Dr. Gross and Dr. Ogden have disclosed no relevant financial relationships.

American Academy of Allergy, Asthma and Immunology 2011 Annual Meeting: Abstract 838. Presented March 20, 2011.

Source: http://www.medscape.com/viewarticle/739928 Megan Brooksread more

acassaraAllergic Rhinitis a Significant Burden

Shifting Temps May Prime Patients for Spring Allergies

on April 20, 2017

Spring allergy season is again off to an early start in many parts of the country, and doctors say there are some signs it may be even more miserable than usual this year.

Last year was the fourth warmest winter on record, with consistently mild temperatures. That led to record-breaking pollen counts that struck about a month earlier than normal in some places.

But this year, many areas got a false spring. Temperatures rose briefly and then dipped again. The swings caused pollen levels to rise, then fall, then rise again.

That pattern of pollen release sets people with allergies up for something called "the priming effect," says Stanley M. Fineman, MD, an Atlanta-based allergist and past president of the American College of Allergy, Asthma and Immunology.

“When patients are exposed, then the pollen goes away for a while, there’s a weather change or whatever, then they are re-exposed to that pollen, they can have an even more significant effect because their system is primed to respond,” Fineman says.

“It results in patients having a lot more difficulty with significantly worse symptoms” that may be tougher to get under control, he says.

Some parts of the South and East Coast began logging high tree pollen counts in January. Then pollen levels dropped in early February before climbing again by the end of the month. Plenty of allergy-prone people were caught unprepared.

At the Allergy and Asthma Center of Georgetown, in Texas, doctors say they began seeing people with seasonal allergies about a month earlier than usual.

“The typical symptoms are congestion, runny nose, itchy eyes, sneezing, watery eyes, sore throat, itchy throat, headaches, itchy ears,” not to mention all the patients who have asthma that’s triggered by allergies, says Sheila Amar, MD. “It’s pretty miserable."

Blame Climate Change

The bad news is that these amped-up spring allergy seasons probably aren’t flukes. Scientists say that as climate change accelerates, so will allergies.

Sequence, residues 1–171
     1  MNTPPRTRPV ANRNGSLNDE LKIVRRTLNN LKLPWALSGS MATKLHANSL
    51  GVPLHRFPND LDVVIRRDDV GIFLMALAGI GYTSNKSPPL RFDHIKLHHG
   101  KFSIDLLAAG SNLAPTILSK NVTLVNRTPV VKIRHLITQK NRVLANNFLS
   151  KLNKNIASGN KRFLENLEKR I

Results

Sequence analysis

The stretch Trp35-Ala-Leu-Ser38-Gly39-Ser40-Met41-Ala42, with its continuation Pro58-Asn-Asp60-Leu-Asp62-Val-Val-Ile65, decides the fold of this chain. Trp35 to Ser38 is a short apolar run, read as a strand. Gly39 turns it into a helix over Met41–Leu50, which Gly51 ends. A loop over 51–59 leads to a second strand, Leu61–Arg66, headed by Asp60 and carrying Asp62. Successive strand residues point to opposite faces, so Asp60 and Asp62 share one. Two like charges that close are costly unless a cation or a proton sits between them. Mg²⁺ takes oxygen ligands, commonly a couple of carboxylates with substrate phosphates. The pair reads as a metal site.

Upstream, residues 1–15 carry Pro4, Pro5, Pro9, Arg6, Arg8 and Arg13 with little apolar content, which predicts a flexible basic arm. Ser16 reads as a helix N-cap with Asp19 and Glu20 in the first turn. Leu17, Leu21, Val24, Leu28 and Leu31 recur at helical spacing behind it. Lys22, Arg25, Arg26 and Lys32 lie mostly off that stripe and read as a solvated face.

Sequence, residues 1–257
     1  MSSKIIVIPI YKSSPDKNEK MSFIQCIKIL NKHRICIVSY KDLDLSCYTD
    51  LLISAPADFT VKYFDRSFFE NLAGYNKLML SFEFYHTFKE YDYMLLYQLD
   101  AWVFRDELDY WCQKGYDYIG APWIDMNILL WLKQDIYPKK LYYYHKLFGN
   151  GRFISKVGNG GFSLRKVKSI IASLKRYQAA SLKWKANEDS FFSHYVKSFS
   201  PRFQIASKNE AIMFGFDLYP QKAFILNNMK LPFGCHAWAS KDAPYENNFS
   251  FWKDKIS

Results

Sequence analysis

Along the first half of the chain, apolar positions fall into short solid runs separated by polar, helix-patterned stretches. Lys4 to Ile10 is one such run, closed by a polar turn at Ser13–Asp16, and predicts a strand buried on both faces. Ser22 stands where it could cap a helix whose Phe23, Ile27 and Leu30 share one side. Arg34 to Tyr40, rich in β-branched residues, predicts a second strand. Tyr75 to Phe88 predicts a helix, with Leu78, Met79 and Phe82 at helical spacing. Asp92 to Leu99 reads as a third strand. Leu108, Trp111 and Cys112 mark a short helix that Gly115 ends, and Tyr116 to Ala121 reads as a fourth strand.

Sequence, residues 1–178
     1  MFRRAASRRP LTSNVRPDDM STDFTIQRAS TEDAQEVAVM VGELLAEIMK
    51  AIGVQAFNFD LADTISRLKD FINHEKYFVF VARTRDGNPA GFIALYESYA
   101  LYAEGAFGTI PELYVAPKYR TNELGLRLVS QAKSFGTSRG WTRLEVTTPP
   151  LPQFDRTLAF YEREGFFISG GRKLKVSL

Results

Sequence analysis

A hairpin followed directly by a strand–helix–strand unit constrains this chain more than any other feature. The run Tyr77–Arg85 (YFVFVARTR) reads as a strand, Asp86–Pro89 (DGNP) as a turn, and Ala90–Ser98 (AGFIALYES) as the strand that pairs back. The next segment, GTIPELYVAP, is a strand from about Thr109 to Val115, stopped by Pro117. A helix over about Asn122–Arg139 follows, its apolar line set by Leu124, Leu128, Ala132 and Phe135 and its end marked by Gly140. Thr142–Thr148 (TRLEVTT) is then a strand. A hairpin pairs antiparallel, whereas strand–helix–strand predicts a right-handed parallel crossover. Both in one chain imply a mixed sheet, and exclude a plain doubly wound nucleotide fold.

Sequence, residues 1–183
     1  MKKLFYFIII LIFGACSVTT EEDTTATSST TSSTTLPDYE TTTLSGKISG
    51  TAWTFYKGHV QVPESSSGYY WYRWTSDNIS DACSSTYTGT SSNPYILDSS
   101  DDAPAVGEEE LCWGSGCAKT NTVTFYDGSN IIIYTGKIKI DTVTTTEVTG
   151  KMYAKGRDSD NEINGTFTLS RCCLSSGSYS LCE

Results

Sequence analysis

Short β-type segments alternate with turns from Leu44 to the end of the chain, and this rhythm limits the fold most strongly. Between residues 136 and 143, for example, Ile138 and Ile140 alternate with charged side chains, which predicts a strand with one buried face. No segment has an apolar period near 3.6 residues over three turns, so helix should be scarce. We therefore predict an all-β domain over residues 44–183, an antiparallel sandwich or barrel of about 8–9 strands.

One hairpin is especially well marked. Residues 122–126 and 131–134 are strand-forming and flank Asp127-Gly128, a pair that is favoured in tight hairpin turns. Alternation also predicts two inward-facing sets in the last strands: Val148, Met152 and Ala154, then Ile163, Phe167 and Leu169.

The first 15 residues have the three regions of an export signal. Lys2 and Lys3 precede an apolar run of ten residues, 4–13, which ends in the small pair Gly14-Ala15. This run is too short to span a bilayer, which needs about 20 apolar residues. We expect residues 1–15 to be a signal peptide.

“Springs are coming earlier,” says Jake Weltzin, PhD, executive director of the USA National Phenology Network, a government project to track the effects of climate change on the habits of plants and animals.

As the weather gets warmer earlier in the year, more plants and trees start to bloom at the same time, creating “a pollen bomb,” Weltzin says.

What’s more, experiments show that plants exposed to higher levels of the greenhouse gas carbon dioxide make more pollen. The pollen they make also has higher levels of proteins that trigger allergies, which makes it more potent.

Beat Allergy Symptoms

Doctors say the best time to treat allergies is before they flare up.

“Once your immune system is revved up and reacting to the allergens, it’s always harder to get it under control,” Amar says. “In general, being proactive is a much better approach.”

That can be tough to do when winter weather is unpredictable. If allergies already have you in their grips, some common-sense steps can cut the misery:

  • On higher-pollen-count days, avoid going outside, especially in the morning when pollen levels are highest. If you have to go out, take your allergy medications with you.
  • Keep windows and doors closed. Run the air conditioner instead.
  • Wear a mask if you have to work outdoors.
  • Take a shower at the end of the day to wash sticky pollen grains from your hair. That can help you get a better night’s sleep.

Source: http://www.medscape.com/viewarticle/780516 Brenda Goodman read more

acassaraShifting Temps May Prime Patients for Spring Allergies

EpiPen Supply in Schools Not Enough Without Training

on April 13, 2017

More than one in five cases of anaphylaxis that occur in schools happen in people with no known allergies, and school staff are not always properly trained to handle them, a new study suggests.

"Bottom line, I think our findings underscore the need for continued education in the school setting," Martha White, MD, director of research at the Institute for Asthma and Allergy in Wheaton, Maryland, told Medscape Medical News.

Dr White presented the findings here at the American Academy of Pediatrics (AAP) 2015 National Conference.

The study highlights two different scenarios: people who experience their first anaphylaxis event and would benefit from epinephrine autoinjectors stocked by the school, and people with a diagnosis of anaphylaxis who may or may not have their injectors handy.

"We want to have this lifesaving medication at school," said session organizer and moderator Mandy Allison, MD, from the University of Colorado in Aurora.

Several states now have passed or are passing legislation that allows the school to stock lifesaving medication not designated to a specific person, she reported.

The data come from a web-based survey of schools participating in the EpiPen4Schools program, developed by Mylan Specialty, which distributes epinephrine autoinjectors to more than 30,000 elementary and high schools, free of charge, in the United States.

Of the 32,387 schools invited to participate in the survey from May to July 2014, 6019 responded. Most were completed by the school nurse.

There were 919 anaphylactic events reported by 607 (11%) of 5683 schools.